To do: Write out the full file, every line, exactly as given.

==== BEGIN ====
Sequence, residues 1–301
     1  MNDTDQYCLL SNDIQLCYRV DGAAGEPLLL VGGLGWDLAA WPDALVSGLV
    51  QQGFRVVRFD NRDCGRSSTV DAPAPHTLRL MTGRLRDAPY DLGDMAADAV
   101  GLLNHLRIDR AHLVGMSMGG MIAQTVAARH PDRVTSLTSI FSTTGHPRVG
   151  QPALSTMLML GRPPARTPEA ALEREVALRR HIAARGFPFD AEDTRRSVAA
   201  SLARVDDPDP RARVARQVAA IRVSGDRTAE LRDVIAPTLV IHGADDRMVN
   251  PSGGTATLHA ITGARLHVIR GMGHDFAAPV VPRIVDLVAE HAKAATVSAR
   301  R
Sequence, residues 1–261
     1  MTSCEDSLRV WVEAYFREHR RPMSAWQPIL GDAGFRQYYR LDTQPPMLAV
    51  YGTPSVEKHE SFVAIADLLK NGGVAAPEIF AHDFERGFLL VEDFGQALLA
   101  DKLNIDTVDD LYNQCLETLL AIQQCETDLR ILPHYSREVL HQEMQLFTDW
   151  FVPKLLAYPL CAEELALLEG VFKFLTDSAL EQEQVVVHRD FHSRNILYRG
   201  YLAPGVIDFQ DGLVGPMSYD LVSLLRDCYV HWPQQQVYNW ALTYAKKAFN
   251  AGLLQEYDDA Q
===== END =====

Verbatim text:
Sequence, residues 1–301
     1  MNDTDQYCLL SNDIQLCYRV DGAAGEPLLL VGGLGWDLAA WPDALVSGLV
    51  QQGFRVVRFD NRDCGRSSTV DAPAPHTLRL MTGRLRDAPY DLGDMAADAV
   101  GLLNHLRIDR AHLVGMSMGG MIAQTVAARH PDRVTSLTSI FSTTGHPRVG
   151  QPALSTMLML GRPPARTPEA ALEREVALRR HIAARGFPFD AEDTRRSVAA
   201  SLARVDDPDP RARVARQVAA IRVSGDRTAE LRDVIAPTLV IHGADDRMVN
   251  PSGGTATLHA ITGARLHVIR GMGHDFAAPV VPRIVDLVAE HAKAATVSAR
   301  R
Sequence, residues 1–261
     1  MTSCEDSLRV WVEAYFREHR RPMSAWQPIL GDAGFRQYYR LDTQPPMLAV
    51  YGTPSVEKHE SFVAIADLLK NGGVAAPEIF AHDFERGFLL VEDFGQALLA
   101  DKLNIDTVDD LYNQCLETLL AIQQCETDLR ILPHYSREVL HQEMQLFTDW
   151  FVPKLLAYPL CAEELALLEG VFKFLTDSAL EQEQVVVHRD FHSRNILYRG
   201  YLAPGVIDFQ DGLVGPMSYD LVSLLRDCYV HWPQQQVYNW ALTYAKKAFN
   251  AGLLQEYDDA Q